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What Happened To the Great VOICES in Film?


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In reply to an earlier post on Jan 18, 2012 5:50:35 PM PST
Well, point taken.

Posted on Jan 18, 2012 6:55:19 PM PST
7 & 7 IS says:
Richard Burton and or Peter O'Toole - great voices.

Posted on Jan 18, 2012 8:40:57 PM PST
W. Grieve says:
Burgess Meredith

Posted on Jan 18, 2012 8:41:08 PM PST
William Conrad. He did the narration on "Rocky and Bullwinkle".

Posted on Jan 18, 2012 9:15:14 PM PST
Warner Oland, Swedish actor that proved convincing playing Chinese characters. Charlie Chan being his most famous character. His first movie role was 'Pilgrim's Progress' in 1912. A silent actor with roles in things like 'Don Q, Son of Zorro' and 'Old San Francisco'. He made an easy transition to talkies playing Sax Rohmer's Dr. Fu Manchu.

Joseph Cotton.
Ossie Davis.
Cher.
Cary Grant.
Thomas Gomez.
Eve Arden.

Posted on Jan 18, 2012 9:51:13 PM PST
D. Bitgood says:
William Conrad was also great as Matt Dillon in the radio version of Gunsmoke.

Posted on Jan 19, 2012 11:10:03 AM PST
Has no one mentioned Garbo? If not, shame on us. And Claude Rains? And Conrad Veidt?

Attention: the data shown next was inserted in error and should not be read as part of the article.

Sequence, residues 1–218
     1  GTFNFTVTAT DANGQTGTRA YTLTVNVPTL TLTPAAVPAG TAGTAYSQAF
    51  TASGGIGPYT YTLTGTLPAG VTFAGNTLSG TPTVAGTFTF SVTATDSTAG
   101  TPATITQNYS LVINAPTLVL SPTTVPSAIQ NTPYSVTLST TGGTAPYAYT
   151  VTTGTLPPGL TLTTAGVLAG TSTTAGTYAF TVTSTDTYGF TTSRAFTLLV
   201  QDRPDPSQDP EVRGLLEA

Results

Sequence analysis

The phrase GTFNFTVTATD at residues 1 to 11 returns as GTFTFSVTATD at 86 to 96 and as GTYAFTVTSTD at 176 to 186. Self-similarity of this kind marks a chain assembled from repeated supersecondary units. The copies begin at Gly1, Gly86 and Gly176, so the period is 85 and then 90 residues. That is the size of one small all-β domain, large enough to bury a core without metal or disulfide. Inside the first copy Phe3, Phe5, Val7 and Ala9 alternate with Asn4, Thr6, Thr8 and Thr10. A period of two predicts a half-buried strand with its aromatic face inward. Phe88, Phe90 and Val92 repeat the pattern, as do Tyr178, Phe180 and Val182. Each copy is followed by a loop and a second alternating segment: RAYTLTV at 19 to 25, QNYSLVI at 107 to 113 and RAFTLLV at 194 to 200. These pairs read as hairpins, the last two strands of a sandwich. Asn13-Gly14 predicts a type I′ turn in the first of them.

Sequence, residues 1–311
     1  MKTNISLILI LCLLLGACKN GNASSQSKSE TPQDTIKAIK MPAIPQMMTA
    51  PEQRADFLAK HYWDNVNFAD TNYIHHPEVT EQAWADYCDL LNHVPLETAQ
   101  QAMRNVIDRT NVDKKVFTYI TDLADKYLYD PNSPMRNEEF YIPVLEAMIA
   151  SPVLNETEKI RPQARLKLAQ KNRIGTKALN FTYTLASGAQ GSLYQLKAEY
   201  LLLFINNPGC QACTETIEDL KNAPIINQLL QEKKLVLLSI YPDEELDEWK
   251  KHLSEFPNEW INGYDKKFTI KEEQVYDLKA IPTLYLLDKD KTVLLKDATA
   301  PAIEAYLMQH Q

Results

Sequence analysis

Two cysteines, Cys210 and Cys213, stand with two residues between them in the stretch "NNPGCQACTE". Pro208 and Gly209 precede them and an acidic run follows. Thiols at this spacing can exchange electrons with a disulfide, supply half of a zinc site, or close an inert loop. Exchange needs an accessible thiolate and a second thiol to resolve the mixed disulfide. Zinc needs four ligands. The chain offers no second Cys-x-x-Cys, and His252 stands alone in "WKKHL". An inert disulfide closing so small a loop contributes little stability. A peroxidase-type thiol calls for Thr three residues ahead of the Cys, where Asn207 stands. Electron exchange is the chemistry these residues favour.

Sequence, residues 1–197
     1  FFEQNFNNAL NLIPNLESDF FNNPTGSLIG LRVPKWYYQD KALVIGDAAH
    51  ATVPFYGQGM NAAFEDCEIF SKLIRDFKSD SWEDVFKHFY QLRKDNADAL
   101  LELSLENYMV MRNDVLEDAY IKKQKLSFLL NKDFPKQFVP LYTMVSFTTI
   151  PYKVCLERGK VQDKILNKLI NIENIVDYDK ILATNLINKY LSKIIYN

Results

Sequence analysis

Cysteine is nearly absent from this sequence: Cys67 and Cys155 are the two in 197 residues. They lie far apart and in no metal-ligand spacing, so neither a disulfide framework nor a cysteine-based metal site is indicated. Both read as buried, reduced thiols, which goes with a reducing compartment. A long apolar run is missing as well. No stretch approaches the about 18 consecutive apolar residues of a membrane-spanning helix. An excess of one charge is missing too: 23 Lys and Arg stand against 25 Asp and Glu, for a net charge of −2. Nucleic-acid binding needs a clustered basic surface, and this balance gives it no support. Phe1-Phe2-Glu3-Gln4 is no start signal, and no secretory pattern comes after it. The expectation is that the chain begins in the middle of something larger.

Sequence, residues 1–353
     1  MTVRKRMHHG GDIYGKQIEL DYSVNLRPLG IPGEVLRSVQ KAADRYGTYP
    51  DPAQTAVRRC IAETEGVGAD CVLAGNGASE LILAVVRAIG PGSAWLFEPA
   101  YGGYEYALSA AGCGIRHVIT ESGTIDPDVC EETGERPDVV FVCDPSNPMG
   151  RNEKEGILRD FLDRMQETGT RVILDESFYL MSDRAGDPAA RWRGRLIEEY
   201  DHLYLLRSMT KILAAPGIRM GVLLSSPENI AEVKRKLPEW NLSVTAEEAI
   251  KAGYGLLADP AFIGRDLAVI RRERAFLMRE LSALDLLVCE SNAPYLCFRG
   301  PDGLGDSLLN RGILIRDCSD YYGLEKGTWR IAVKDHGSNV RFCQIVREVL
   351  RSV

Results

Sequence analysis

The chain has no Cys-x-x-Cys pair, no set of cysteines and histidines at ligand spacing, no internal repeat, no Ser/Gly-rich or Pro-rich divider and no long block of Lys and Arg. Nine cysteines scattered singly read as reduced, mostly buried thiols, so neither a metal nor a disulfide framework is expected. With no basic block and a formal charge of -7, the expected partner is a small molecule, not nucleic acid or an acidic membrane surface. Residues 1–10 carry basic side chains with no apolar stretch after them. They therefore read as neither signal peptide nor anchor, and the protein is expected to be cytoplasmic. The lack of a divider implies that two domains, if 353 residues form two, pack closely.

In perusing this forum, I have been struck by realizing that, for me, a major deciding factor in liking a performer is the voice--more than many physical attributes.

Posted on Jan 19, 2012 11:31:33 AM PST
7 & 7 IS says:
JP Baker says: "Cher"

I know that's right. Cher has one of the most distinctive voices out there.Especially when singing.(But even when she talks)
Phil Spector used her in his chorus section in many of his classic 1960s production's, and you can hear her unmistakenly above the din of The Wall Of Sound.

(When I was 12, I stood in line for a half an hour to meet her at the Miami Youth Fair in the early 70s and had her sign my Frisbee.She was very tiny, very beautiful and very sweet.Sonny must have been really short.)

Posted on Jan 19, 2012 11:58:00 AM PST
Last edited by the author on Jan 19, 2012 11:58:49 AM PST
W.T. says:
Jimmy Stewart had an completely distinctive voice with is nasal drawl. Nobody else has ever sounded like him. TV "Emergency!" actor Randolph Mantooth sounded a little bit like him. That's probably the only other actor who was ever even similar.

Posted on Jan 19, 2012 12:19:49 PM PST
Cavaradossi says:
William A. Smith

I'm just about positive I mentioned Garbo way back toward the beginning. How could I not? For one thing, no one else ever sounded like that or talked like that, let alone looked like that!

Posted on Jan 19, 2012 12:27:58 PM PST
Last edited by the author on Jan 19, 2012 2:58:08 PM PST
Cavaradossi says:
Someone has raised the question why today's distinctive voices aren't imitated like the earlier ones. For one thing, today's actors, no matter how successful, have not yet achieved the iconic status of the great stars of the past. A bigger reason, though, is that those stars of the past had distinctive ways of speaking, and that's really what the imitators are copying. Today's actors are more generic in their speaking. It's the new Hollywood way. No matter how notable an actor's voice, there's little for impressionists to imitate.